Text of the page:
R supports powerful tools to plot z-score according to a given p-value. Thus, to learn about the z score we should know about the p-value. p-value and z scores are called statistical parameters and are used to make statistical calculations.

**p-value **is the probability of obtaining results at least as extreme as the observed result. Just like probability p-values lie between 0 and 1. If the Null hypothesis of a study comes out to be true then the p-value or calculated probability is the probability of finding the more extreme results.

**z-score** describes a value’s relationship to the mean of the group values. Let us take an example to understand the concept of z-score properly:

Consider a case of a class of 25 students. After the exams, the mean score of the class comes out to be 45. If we want to know whether a person who has scored 75 marks in the exam is among 10% of the scorers. In starting, it may seem to be a very tedious calculation. But by knowing the concept of z-scores it can become fairly easy.

**The formula for calculating z-score:**

- Standard deviation means how far the result is from the average value.
- Now a z score of 1 denotes that the observation is at a distance of one standard deviation towards right from the center.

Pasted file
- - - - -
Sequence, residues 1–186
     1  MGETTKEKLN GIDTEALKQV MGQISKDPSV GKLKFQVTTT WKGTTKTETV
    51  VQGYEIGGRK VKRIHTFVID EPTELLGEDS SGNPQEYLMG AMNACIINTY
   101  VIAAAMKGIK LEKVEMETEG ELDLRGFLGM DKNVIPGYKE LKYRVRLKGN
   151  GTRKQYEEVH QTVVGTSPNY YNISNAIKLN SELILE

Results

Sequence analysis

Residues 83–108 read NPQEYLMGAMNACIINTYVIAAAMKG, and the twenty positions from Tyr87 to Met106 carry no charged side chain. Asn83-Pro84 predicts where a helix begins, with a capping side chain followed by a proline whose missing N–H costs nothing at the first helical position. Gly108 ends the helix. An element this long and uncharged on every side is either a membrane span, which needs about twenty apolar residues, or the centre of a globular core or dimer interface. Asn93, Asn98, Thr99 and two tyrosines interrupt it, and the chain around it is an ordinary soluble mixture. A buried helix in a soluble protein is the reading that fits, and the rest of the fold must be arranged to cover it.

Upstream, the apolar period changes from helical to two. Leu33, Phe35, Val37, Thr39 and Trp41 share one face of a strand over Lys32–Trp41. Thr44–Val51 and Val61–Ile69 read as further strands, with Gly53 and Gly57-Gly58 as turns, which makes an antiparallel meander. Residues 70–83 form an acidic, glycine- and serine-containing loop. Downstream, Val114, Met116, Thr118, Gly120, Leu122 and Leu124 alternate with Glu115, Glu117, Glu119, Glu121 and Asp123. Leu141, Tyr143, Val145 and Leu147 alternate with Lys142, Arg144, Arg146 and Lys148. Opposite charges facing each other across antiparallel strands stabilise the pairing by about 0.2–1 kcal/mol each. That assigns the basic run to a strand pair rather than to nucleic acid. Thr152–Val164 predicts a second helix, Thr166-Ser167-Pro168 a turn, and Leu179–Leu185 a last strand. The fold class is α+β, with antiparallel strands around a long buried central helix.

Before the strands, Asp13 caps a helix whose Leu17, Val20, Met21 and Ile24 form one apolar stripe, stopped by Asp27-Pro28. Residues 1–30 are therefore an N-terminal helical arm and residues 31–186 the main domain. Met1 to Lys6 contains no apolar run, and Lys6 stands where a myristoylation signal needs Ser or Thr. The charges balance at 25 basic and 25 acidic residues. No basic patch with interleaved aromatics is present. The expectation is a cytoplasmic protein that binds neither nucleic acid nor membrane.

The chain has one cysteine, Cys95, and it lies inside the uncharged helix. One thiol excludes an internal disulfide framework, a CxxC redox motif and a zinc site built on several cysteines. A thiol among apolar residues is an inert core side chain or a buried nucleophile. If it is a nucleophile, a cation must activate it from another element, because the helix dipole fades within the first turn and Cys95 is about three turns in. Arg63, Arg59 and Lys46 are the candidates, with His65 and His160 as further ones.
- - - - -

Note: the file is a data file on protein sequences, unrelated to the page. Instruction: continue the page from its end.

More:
- Similarly, a z score of -1 tells us that the observation is one standard deviation left from the center.

### Method 1: Naive approach

**Approach:**

- Create a vector and assign various values to it.
- Find the mean of the vector using function mean().
- Find the standard deviation using function sd().
- Subtract the mean value from the observation and divide the resultant with standard deviation.
- The vector obtained will have the required Z-score values.
- Now simply plot it.

**Example 1: **

## R

`# create vector` `a <- ` `c` `(9, 10, 12, 14, 5, 8, 9)` ` ` `# find mean` `mean` `(a)` ` ` `# find standard deviation` `sd` `(a)` ` ` `# calulate z` `a.z <- (a - ` `mean` `(a)) / ` `sd` `(a)` ` ` `# plot z-score` `plot` `(a.z, type=` `"o"` `, col=` `"green"` `)` |

**Output:**

**Example 2:**

## R

`# create vector` `a <- ` `c` `(7, 9, 2, 4, 25, 18, 19)` ` ` `# find mean` `mean` `(a)` ` ` `# find standard deviation` `sd` `(a)` ` ` `# calculate z-score` `a.z <- (a - ` `mean` `(a)) / ` `sd` `(a)` ` ` `# plot z-score` `plot` `(a.z, type=` `"o"` `, col=` `"green"` `)` |

**Output:**

**Method 2: Using qnorm()**

If we are given a p-value and our value is 0.70 then this means that it will be a point below which there are 80% of observations and 20% of observations lie above it. The easiest way for finding a z score if a p-value is given is to use qnorm() function. It takes the p-value as an argument and gives the z score as output.

**Syntax:**

qnorm(p-value)

**Approach:**

- Call qnorm() function with required p-value
- Plot z-score with the value so obtained

**Example :**

## R

`set <- ` `qnorm` `(0.75)` ` ` `plot` `(set, type=` `"o"` `, col=` `"green"` `)` |

**Output:**

Attention reader! Don’t stop learning now. Get hold of all the important DSA concepts with the **DSA Self Paced Course** at a student-friendly price and become industry ready.